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I decided to make a comment on an important area: money. (After all, how can you enjoy the beautiful things in life if you are strapped down?) What I say is very simple, and very basic. But I wish somebody had told it to me many years ago. In five years I have gone from having a crippling debt to having savings that far exceed what I once had in debt. (I got the following letter about the article below: "As a professional investment advisor who has been in the business for 35 years, I can tell you that the financial advice you provided in your newsletter today is the best summary of those truths that I have seen. You were right on target with each point!" - David R.)

The Trick To Money Is Having Some
By Eolake Stobblehouse
(Apologies to Stuart Wilde for ripping off the title of his wonderful book.)

You know, it makes sense that if you should take advice about money from somebody, you should take it from somebody who: a) is doing well, and b) is not gaining anything from giving you advice. For instance me. Not a bank "advisor" (read salesman) who is on office wages and is not allowed to recommend anything but the bank's own services, no matter how overpriced. (Ever wonder why banks own the best buildings on any street? Always the corner.)

So if you agree, listen up. I have spent some time in the past couple of years reading up on various aspects of money, and I feel a lot better about it. And in the end I have discovered that 1: the basics are really simple, and 2: most people don't know them. (I am indignant that school taught me differential math, but not how to wash a shirt, how to get along with people, or how to manage money...)

Don't take my word for it, there is a recommended book list below. But here are some of the basics as I see them right now:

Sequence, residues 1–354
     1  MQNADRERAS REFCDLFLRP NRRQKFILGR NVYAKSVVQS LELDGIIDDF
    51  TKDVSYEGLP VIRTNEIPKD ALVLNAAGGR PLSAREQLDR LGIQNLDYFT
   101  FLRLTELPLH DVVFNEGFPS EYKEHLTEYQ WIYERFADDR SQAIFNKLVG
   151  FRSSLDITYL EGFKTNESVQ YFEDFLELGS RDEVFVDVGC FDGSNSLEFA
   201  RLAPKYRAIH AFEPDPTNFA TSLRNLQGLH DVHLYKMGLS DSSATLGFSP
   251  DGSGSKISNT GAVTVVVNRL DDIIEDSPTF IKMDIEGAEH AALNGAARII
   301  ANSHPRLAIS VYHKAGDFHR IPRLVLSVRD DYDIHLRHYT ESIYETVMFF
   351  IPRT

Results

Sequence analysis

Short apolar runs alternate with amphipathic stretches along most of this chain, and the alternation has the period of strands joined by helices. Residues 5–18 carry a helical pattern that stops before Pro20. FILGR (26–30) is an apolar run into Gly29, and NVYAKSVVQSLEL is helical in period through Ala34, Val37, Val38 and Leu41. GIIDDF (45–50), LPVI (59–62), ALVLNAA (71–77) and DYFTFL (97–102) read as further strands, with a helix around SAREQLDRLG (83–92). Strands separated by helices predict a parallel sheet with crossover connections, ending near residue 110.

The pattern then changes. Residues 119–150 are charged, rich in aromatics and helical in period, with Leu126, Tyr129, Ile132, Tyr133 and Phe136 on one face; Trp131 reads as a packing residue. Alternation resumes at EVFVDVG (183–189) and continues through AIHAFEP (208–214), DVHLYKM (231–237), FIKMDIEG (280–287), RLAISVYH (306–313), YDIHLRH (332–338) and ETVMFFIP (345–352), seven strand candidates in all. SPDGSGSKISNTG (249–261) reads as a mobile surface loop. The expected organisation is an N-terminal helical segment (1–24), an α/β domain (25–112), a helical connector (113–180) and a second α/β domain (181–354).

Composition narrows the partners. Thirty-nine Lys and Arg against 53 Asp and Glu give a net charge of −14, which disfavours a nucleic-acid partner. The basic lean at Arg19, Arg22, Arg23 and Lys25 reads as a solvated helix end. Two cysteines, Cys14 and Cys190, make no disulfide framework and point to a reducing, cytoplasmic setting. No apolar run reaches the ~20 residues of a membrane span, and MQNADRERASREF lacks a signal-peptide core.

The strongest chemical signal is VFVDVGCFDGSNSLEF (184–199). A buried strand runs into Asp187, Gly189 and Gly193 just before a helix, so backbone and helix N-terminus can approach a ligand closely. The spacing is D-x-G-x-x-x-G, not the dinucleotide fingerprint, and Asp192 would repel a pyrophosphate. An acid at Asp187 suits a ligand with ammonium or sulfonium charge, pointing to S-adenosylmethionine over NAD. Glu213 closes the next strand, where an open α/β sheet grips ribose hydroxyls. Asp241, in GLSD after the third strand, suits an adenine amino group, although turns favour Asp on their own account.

1: Live below your means.
Obvious? Maybe, but you have to do it.
Don't take credit. If you don't have the money you can't afford it yet.

2: Save 10% of your income.
Set this aside *before* you use money on anything else. You'll find you can live on the rest. And if you earn good money, save 20% or 30% instead.

3: Don't use money on anything you don't really need, or which does not give big returns either financially or spiritually.
This means for example that significant alcohol or tobacco consumption is a dead loss. Or things you buy just for status. Remember, wealth is not defined as the size of your car, but as how long you could live without income if you had to, at your current life style. (Oh, and your house is not an asset, it is a liability.)

4: Earn your money on something you love.
Your love and interest are the strongest forces you have.

5: Prioritize your time.
Example: get rid of the TV. (You'll feel better too.)

6: The money you don't need right now, put in the best savings account you can find.
Some of the best are online, not in your local bank.

7: The money you won't need for many years, put in Index Funds. (See update below)
Many independent studies show that index funds (due in part to low charges/fees) do significantly better than both bonds and savings accounts and most mutual funds, over any long period of time you want to choose in history. Real estate can do well, but might not, and takes a lot more attention.

8: Occasionally, give something back to the world.
We don't live in a vacuum.

9: Occasionally, invest in something fun.
One can go overboard with frugality: why die with millions in the bank, a frown, and an ulcer?

The first goal (for many) is to be debt-free.
The second goal is to have reserves for one year of your current life-style without income. (Known as f*ck-U money, because of what you can say to an abusive boss.)
The third goal is the point where the returns from your investments are bigger than your expenses. At that point you will never again have to work with anything that does not interest you.